Our singular quest to mimic nature has spawned tremendous excitement in synthesizing materials and constructing structures that aim at using some of the natural principles. The notion of the statement Smaller is Stronger has far reaching implications in engineering the materials that push the limits of structural performance. In crystalline metals, size-effects in the elasto-plastic behavior is important as our ability to design and manufacture structures at miniaturized length-scales and with nano-scaled internal structures continues to acquire higher levels of sophistication. Rapid increase in computational power in the recent decades has enabled performing computational simulations that supplement, or at times even motivate, experimental investigations into the physics and mechanics in crystalline materials at multiple length-scales, ranging from brute-force atomistics to enriched continuum mechanics.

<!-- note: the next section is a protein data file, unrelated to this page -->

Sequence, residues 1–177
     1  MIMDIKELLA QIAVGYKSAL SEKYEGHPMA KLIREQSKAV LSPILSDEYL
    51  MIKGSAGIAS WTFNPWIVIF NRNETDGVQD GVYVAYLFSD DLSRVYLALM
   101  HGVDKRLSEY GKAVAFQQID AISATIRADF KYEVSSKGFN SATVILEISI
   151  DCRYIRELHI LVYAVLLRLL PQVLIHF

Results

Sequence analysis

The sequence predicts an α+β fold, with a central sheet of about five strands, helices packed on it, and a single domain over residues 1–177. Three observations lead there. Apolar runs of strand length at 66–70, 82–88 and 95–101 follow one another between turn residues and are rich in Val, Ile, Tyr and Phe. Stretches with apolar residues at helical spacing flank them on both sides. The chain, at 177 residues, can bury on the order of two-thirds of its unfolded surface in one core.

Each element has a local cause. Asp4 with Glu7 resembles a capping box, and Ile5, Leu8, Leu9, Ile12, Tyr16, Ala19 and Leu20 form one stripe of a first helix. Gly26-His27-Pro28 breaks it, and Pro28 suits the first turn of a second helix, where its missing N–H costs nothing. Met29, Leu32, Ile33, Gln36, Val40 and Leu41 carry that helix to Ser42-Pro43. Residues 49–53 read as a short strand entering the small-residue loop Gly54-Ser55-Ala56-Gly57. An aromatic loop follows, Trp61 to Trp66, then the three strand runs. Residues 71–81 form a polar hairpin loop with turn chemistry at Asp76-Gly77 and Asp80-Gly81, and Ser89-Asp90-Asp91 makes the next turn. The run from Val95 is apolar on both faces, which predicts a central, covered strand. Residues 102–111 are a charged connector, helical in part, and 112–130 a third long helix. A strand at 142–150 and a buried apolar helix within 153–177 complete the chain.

Our current focus is on a small subset within the vast expanse of length-scale dependent behaviors. We are interested in some of the size-effects that prevail in the mechanical behavior of crystalline metals. A particular category of size-effects covered in this thesis pertains to crystalline plasticity that arises from interacting effects between dislocations and their ambience. For example, dislocations get stopped by hard boundaries or annihilate at free surfaces. In another scenario, dislocations talk to other dislocations in their neighborhood. All these events result in length-scale dependent macroscopic plastic responses that manifest as strengthening of a material. We probe some of these effects in heterogeneous crystalline microstructures of current interest through analytical and computational crystal plasticity.